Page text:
Facebook will launch officially licensed music videos in the U.S. this weekend.

Facebook confirmed Friday that it will begin launching official music videos on its platform in the U.S. and launch new music destinations within facebook watch,media TechCrunch reported. The changes, which will take effect this weekend, will allow Facebook users to discover, watch and share music videos from a wide range of artists, including Anitta, Blake Shelton, Bob Marley, Diplo, Elton John, Jonas Brothers, Josh Groban, Keith Urban, Maren Morris, Marvin Gaye, Miley Cyrus, Nicki Minaj et al.

Facebook will launch officially licensed music videos in the U.S. this weekend.

While Facebook had worked with partners in India and Thailand to develop similar music experiences before Friday, the U.S. launch benefited from Facebook’s expanded partnerships with top record labels, including Sony Music, Universal Music Group, Warner Music Group, Merlin, BMG, Kobalt and other independent record labels.

Facebook told TechCrunch that its deal includes a full catalog of all major partners and a number of independent vendors.

TechCrunch reported earlier this month that Facebook’s music video is scheduled to arrive on August 1. TechCrunch also noted that supported artists were told they would soon need to open a new permission that would allow Facebook to automatically add their music videos to their pages, and that they could be found by fans on the page’s video tab. Once enabled, artists will be able to edit or delete their video posts at any time.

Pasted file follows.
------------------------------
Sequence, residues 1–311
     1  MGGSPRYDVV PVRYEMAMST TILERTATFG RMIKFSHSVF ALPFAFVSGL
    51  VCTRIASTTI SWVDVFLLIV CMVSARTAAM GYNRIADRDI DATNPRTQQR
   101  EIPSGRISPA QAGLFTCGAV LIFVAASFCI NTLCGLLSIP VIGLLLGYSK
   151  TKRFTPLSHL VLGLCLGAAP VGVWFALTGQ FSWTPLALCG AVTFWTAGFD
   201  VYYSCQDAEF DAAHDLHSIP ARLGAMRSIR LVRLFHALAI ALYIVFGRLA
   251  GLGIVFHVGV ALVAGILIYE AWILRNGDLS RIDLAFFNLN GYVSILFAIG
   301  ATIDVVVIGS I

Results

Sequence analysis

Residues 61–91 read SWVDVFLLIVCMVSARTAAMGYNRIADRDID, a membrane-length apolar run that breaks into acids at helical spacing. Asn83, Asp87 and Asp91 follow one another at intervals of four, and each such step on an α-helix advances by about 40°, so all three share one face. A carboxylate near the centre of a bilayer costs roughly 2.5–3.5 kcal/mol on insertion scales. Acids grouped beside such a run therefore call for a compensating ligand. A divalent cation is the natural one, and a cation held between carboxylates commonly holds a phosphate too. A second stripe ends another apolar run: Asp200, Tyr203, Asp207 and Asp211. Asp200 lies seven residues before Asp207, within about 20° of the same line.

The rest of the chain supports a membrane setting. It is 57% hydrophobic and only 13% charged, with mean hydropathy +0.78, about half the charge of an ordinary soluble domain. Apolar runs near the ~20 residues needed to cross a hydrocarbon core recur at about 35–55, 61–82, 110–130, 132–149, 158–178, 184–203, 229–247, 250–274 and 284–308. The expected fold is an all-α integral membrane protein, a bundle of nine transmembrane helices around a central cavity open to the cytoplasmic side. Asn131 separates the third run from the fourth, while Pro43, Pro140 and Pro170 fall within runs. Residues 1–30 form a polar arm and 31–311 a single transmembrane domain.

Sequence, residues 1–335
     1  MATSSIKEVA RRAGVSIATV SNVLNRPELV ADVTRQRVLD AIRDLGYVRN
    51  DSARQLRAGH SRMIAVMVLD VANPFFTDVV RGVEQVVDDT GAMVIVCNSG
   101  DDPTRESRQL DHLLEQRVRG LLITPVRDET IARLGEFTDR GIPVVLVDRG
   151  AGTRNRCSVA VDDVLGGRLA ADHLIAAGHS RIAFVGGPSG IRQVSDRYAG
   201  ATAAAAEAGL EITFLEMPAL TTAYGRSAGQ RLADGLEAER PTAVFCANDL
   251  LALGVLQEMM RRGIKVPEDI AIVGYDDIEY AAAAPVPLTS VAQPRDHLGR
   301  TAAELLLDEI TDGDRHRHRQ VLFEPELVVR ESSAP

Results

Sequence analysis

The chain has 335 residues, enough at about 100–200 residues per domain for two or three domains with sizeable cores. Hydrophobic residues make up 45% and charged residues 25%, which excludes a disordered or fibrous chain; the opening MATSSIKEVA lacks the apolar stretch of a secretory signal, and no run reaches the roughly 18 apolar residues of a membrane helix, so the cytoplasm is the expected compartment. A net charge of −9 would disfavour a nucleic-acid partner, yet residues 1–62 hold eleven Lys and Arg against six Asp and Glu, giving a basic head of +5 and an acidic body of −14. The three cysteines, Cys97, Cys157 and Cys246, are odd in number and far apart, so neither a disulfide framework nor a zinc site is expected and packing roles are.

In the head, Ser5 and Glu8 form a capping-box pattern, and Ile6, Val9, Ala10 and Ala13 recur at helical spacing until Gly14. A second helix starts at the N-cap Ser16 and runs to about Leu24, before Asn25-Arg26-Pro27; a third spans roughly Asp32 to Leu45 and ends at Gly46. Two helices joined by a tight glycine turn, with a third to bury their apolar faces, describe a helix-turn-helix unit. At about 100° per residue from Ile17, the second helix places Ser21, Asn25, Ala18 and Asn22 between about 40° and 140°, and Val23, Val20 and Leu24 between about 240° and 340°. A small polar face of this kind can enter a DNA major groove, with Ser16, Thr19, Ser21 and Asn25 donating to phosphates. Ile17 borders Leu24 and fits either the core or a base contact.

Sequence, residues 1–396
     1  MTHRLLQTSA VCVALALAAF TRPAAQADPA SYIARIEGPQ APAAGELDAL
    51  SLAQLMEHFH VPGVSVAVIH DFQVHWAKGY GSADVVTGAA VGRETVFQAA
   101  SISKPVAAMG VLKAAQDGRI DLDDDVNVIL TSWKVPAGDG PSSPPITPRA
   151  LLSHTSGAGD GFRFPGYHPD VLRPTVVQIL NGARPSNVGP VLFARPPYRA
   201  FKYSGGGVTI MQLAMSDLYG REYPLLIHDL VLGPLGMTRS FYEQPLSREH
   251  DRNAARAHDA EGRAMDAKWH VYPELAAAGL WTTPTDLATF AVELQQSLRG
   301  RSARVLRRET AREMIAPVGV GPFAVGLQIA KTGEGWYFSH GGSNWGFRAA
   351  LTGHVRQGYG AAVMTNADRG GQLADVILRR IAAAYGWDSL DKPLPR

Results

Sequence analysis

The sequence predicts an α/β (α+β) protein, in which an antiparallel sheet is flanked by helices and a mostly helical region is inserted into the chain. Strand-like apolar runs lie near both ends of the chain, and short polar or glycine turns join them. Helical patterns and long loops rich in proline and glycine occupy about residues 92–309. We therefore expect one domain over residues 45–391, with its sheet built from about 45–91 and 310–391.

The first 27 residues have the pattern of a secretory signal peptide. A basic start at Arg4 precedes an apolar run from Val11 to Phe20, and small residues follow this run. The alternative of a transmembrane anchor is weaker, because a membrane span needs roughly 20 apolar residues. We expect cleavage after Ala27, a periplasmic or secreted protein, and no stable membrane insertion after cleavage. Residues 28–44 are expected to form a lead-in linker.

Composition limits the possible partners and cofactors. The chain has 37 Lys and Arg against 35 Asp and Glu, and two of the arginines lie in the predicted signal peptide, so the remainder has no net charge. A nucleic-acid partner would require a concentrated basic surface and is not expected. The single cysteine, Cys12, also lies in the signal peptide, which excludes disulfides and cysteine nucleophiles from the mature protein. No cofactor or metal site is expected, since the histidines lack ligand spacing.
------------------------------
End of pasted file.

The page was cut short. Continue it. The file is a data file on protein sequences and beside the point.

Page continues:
However, if this setting is not enabled, Facebook will automatically generate a separate official music page on behalf of the artist with the title “Official Music( Artist Name) ” to make the discovery. The page will be created and controlled by Facebook and accessed through Facebook Watch, but artists can later opt to join and include their official videos on their pages.

Facebook will launch officially licensed music videos in the U.S. this weekend.

Facebook will launch officially licensed music videos in the U.S. this weekend.

Once launched, Facebook users will be able to follow their favorite artists and then receive the latest music videos from those artists in the News Feed because they are already online. The Follow option is not only available on the artist’s Facebook page as before, but also directly from the music video itself.